This entry is about the Australian broandband plan that was presented a couple of months ago. The report is taken from The voice of broadband and I have highlighted the most important points.
For me, the most relevant conclusion is the fact that they plan to deploy a wholesale open access operator.
Australia Changes Course on National Broadband Network
Last month, the Australian Government announced plans to develop a next-generation National Broadband Network through a public-private partnership. This announcement follows a failed effort to have a consortium build that National Broadband Network.
The Australian government announced that it would establish a new company that will invest up to $43 billion (AUD) over 8 years to build and operate a National Broadband Network. They want to:
- connect 90 percent of all Australian homes, schools and workplaces with broadband services with speeds up to 100 Mbps.
- connect all other premises in Australia with next generation wireless and satellite technologies that will deliver broadband speeds of 12 megabits per second
- directly support up to 25,000 local jobs every year, on average, over the 8 year life of the project.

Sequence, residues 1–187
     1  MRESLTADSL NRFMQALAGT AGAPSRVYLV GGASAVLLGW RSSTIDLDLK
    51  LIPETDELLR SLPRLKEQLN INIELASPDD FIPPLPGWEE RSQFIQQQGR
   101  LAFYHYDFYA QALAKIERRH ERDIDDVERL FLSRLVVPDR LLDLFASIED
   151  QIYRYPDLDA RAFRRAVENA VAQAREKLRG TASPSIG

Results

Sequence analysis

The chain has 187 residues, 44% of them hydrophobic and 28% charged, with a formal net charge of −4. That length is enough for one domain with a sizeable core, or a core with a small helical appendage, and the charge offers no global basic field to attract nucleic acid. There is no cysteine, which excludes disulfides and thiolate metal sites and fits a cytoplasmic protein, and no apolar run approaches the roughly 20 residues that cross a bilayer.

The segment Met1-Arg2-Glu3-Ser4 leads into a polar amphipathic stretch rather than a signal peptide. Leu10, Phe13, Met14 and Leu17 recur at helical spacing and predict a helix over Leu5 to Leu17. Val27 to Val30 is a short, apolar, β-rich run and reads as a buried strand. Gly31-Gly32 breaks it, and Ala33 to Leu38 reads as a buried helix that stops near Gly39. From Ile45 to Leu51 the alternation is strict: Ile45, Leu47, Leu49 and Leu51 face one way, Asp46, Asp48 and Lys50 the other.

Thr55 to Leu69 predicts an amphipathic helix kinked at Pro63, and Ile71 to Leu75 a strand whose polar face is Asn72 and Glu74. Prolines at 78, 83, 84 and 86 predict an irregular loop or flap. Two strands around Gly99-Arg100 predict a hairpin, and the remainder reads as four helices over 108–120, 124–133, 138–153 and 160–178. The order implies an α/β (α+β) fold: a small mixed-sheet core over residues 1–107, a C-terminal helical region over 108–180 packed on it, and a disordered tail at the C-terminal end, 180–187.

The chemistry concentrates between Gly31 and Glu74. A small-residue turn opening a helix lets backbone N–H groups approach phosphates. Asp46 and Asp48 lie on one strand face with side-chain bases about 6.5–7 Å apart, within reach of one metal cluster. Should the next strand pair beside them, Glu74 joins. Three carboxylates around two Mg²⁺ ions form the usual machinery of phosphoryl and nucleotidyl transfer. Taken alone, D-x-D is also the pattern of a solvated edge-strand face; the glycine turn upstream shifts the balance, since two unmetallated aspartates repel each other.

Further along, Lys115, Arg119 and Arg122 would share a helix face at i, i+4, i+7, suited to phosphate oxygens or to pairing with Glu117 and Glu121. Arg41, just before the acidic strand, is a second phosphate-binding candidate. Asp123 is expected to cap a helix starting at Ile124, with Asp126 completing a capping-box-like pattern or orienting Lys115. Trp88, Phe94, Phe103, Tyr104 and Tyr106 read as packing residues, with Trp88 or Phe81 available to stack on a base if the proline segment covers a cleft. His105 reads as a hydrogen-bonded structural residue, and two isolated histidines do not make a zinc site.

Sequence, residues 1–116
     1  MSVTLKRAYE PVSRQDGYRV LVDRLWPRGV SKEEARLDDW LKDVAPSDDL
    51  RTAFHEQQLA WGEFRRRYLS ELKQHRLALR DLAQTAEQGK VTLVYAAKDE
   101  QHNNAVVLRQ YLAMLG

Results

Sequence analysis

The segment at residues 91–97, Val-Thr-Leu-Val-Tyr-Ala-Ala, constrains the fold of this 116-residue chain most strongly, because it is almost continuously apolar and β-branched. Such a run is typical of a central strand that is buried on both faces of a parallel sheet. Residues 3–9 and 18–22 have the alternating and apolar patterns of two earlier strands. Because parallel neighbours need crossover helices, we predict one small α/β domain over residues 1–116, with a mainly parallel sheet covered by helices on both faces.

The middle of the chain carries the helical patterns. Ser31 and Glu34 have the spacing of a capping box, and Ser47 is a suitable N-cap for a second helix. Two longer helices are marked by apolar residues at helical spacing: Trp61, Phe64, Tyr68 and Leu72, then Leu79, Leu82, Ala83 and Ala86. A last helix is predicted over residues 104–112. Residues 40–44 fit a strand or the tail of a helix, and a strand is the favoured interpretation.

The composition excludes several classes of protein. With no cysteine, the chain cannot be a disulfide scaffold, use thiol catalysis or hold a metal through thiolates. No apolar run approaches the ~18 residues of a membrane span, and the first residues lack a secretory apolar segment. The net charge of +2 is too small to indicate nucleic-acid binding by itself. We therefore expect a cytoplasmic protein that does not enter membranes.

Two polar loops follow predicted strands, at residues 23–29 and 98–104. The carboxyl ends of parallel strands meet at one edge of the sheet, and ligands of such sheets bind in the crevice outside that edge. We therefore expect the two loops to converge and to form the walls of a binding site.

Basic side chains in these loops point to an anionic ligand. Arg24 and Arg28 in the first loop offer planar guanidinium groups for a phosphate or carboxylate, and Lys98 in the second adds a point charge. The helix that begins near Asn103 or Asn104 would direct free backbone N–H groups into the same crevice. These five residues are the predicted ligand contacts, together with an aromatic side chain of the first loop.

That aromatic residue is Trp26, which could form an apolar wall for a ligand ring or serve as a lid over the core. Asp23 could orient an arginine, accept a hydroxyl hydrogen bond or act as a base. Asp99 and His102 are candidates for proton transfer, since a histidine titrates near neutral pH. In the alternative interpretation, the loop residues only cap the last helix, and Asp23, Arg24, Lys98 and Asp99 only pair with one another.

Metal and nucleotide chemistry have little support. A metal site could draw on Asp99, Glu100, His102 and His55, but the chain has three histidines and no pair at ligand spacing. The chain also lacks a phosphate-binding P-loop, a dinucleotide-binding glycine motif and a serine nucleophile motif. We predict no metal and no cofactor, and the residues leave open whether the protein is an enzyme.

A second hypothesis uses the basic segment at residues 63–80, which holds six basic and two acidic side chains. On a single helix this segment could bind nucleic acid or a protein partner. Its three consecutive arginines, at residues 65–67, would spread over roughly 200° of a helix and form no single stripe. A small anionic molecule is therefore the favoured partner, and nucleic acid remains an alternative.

It is the belief the government that nationwide access to next generation networks is vital for Australia’s future economic prosperity.
According the government, there is not enough competition in Australia to drive investment and that previous policy (which favored the incumbent operator) has stifled investment by alternative operators over the last decade.
The government has specified that this NBN will be based on fiber-to-the-home and supplemented by next generation wireless (LTE) and next-generation satellite technology. The government will also commit funds to upgrade the backhaul networks to address any “black-spots”. It also states that from July 1, 2010 all new estate developments will be required to install fiber optic networks to homes and workplaces.
Finally, and perhaps most importantly, the NBN will be a wholesale-only, open access network that is expected to drastically change the competitive environment in Australia. As such and to insure its success the Government will be reforming its current telecommunications policies.